Mars meets Pleiades, by Abhijit Patil
Mars passed near the seven sisters on March 30 – 31, 2019.
The Pleiades, also known as the Seven Sisters, are an open star cluster in the constellation of Taurus. It is among the nearest star clusters to Earth and is most obvious to the naked eye in the night sky. They are at a distance of 444 Light Years away from the Earth (That’s near!).
They derive from the Greek mythology. The nine brightest stars of the Pleiades are named for the Seven Sisters: Sterope, Merope, Electra, Maia, Taygeta, Celaeno, and Alcyone, along with their parents Atlas and Pleione.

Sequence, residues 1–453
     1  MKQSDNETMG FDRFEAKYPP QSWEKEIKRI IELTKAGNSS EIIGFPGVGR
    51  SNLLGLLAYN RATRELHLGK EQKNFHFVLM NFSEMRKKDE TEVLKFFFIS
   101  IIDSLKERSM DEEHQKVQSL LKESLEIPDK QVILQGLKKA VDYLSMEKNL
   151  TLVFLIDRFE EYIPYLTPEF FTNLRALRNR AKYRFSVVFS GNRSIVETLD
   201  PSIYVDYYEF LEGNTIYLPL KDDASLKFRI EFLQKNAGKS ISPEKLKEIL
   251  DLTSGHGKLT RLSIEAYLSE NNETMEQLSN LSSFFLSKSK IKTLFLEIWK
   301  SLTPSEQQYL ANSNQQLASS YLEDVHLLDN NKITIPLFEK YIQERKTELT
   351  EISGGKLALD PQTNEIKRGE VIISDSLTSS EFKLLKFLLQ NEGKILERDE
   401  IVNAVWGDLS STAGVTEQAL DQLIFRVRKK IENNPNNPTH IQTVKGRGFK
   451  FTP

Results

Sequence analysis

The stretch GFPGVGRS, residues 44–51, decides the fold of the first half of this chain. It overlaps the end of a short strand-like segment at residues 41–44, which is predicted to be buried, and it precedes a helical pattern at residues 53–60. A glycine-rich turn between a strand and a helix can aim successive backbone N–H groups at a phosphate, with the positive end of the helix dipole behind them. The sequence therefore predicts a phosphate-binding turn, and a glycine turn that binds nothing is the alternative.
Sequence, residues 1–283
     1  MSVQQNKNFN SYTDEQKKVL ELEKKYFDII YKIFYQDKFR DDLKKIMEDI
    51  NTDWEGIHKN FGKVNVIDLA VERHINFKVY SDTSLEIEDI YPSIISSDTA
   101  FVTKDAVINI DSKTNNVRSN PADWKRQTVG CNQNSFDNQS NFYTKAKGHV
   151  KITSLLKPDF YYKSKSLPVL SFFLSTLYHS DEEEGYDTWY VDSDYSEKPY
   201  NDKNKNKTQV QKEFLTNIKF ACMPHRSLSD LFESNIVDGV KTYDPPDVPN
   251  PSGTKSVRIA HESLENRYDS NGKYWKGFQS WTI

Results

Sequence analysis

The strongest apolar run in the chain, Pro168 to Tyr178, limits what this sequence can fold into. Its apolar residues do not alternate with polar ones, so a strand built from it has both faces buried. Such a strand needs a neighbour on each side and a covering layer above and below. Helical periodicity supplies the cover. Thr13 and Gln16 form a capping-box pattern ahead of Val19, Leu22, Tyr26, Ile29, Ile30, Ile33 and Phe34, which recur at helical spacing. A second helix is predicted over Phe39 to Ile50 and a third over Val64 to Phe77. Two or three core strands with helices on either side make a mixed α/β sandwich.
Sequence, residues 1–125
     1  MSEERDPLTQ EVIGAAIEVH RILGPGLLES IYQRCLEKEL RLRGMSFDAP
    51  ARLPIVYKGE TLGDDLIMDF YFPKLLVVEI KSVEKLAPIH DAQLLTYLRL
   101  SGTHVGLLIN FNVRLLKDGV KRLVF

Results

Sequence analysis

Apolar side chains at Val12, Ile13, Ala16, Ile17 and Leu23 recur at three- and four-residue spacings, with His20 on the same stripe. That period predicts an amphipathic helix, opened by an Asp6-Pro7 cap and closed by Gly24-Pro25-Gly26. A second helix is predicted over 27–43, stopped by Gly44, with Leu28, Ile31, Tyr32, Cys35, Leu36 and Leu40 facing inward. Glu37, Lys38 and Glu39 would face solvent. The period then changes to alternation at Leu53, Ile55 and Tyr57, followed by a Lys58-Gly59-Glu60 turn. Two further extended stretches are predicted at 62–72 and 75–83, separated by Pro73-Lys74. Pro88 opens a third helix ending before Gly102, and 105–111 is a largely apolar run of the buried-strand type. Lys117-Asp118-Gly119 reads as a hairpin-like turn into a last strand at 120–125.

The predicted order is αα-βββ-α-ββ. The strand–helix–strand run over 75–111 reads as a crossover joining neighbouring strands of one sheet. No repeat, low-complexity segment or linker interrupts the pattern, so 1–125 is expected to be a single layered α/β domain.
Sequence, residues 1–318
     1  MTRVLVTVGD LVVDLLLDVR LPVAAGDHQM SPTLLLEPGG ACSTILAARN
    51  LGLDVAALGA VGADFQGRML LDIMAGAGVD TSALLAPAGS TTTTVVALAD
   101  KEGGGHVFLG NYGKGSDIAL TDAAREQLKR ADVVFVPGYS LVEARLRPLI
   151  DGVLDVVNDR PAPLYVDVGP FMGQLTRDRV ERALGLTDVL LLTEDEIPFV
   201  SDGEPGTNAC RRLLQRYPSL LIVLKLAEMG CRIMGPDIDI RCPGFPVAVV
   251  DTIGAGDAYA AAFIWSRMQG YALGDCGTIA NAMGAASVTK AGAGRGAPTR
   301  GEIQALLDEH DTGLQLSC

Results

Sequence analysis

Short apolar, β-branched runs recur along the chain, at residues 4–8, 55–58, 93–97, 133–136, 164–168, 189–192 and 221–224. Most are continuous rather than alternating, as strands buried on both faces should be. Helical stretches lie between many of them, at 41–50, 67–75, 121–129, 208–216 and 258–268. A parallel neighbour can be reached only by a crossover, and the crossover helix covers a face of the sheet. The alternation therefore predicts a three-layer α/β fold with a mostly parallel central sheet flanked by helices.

The cluster is dominated by hot blue and luminous stars that have formed within the last 100 million years. Reflection nebulae around the brightest stars are considered likely to be an unrelated dust cloud in the interstellar medium through which the stars are currently passing. This reflection nebula reflects the blue light of the stars. (description: Wikipedia)
Nikon D750, Tamron 70-200mm f/2.8
iOptron Skyguider pro tracker
Light frames – 120 at f/3.2, ISO1600, 60sec, 200mm
Bias, flats and dark frames included for post.
Processed in DSS and PS
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